Strajit spent his days in peace and comfort after Shri Krishna got him back his Symantaka jewel and married his daughter Satyabhama. But good times were not to last long for the ill-fated rich man. A rumour travelled to Dwarka that the Pandavas had been burnt to death in the Lakshagriha – a house of wax built – for them by the devious Kauravas. Although Shri Krishna knew that it was a false rumour, he decided to go to Hastinapur to offer his condolences to King Dhritrashtra and the patriarch Bhishma. His intention was to maintain the delusion about the Pandavas’ death so that Duryodhana abstained from making another attempt to finish them off.
Suman K Sharma
Shri Krishna’s absence from Dwarka encouraged Akrura to wrench away the Symantaka jewel from Strajit. Even though Akrura was Shri Krishna’s uncle from the paternal side, he was his rival too. He had wanted to marry Satyabhama before she became Shri Krishna’s wife. Because of the family ties, Akrura could not come out openly against Satrajit. Instead, he lured the rakshasa Shatdhanva to kill the man and loot the jewel from him. Shatdhanva fell an easy prey to Akrura’s cunning. Without thinking of the fatal consequences, he went straight to Shri Krishna’s father-in-law and killed him.
Satyabhama was distraught on her father’s merciless killing. On the conclusion of the mourning period, she hastened to Hastinapur and told her lord how Shatdhanva had murdered her father without any provocation. Shri Krishna took no time in returning to Dwarka and putting an end to his life.
Satrajit was gone and so was his killer, Shatdhanva. But the jewel Syamantaka was nowhere to be seen. In Hastinapur, Akrura was performing one lavish yagya after another.
His altars were made of solid gold and the priests who performed the yagya received overgenerous offerings. Soon enough Shri Krishna became aware of the goings on. He presented himself one day to Akrura and addressed him courteously. ‘Chacha-ji’, said Shri Krishna, ‘there is no one today as wise and learned in the shastras as you are. It is good to spend what one can on yagyas and make religious offerings. But one has also to see whether means justify the ends. Old Satrajit is no more and his property should legitimately go to the sons borne of Queen Satyabhama…’ Akrura was too shrewd not to ignore the Shri Krishna’s subtle meaning. He went inside his private chamber and brought back the Symantaka wrapped in a piece of cloth. Shri Krishna accepted the jewel without a word and took leave of his kinsman. Returning to Dwarka, he gave it to his elder brother Balbhadra for safe-keeping.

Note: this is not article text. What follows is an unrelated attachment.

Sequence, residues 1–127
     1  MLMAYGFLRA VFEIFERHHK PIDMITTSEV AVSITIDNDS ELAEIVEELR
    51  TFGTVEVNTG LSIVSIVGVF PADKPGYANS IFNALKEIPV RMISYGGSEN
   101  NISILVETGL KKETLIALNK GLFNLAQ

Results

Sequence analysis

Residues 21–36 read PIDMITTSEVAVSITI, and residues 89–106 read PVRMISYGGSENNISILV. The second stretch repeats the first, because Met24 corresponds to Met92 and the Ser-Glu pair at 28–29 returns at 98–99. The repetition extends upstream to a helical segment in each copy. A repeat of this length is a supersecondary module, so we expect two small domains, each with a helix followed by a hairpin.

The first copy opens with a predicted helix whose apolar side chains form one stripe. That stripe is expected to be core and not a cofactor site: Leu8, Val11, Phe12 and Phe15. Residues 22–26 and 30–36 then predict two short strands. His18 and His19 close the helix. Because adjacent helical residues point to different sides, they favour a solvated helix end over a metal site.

Shri Krishna had bigger issues to attend to than keeping guard over a jewel, howsoever precious that might have been.
…How man-like appears Shri Krishna in this tale! His divinity does not come in the way when it comes to outsmarting all those who consider him an earthling like themselves.He kills the ferocious demon Shatdhanva. Exercising his unsurpassed charm, he persuades Akrura to part with the Symantaka. His decision to entrust the custody of the jewel to Balrama is also a masterly stroke. He distances himself from its tainted possession (Satrajit had accused him once of stealing it) and ensures at the same time that it remains in the family. The moral of the story: no one can better Bhagwan in bravery, diplomacy or sheer astuteness.